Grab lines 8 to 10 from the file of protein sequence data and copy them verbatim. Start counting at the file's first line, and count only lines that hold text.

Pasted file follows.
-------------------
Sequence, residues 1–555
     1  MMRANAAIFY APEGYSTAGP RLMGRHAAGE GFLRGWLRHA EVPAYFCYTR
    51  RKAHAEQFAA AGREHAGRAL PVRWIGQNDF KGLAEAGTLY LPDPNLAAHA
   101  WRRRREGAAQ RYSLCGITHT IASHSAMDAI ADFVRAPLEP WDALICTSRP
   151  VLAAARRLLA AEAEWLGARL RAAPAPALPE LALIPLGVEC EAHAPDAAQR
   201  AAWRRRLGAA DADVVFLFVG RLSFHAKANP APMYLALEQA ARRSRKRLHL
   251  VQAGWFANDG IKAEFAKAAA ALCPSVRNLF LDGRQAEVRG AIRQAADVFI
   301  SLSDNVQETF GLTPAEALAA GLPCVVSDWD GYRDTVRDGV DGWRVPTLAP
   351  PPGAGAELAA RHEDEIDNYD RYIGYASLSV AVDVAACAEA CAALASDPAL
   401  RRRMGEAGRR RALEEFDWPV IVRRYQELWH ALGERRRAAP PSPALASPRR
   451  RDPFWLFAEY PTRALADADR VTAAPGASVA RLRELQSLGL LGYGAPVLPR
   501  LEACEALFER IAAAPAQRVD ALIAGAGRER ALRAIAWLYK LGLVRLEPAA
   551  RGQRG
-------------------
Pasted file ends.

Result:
   301  SLSDNVQETF GLTPAEALAA GLPCVVSDWD GYRDTVRDGV DGWRVPTLAP
   351  PPGAGAELAA RHEDEIDNYD RYIGYASLSV AVDVAACAEA CAALASDPAL
   401  RRRMGEAGRR RALEEFDWPV IVRRYQELWH ALGERRRAAP PSPALASPRR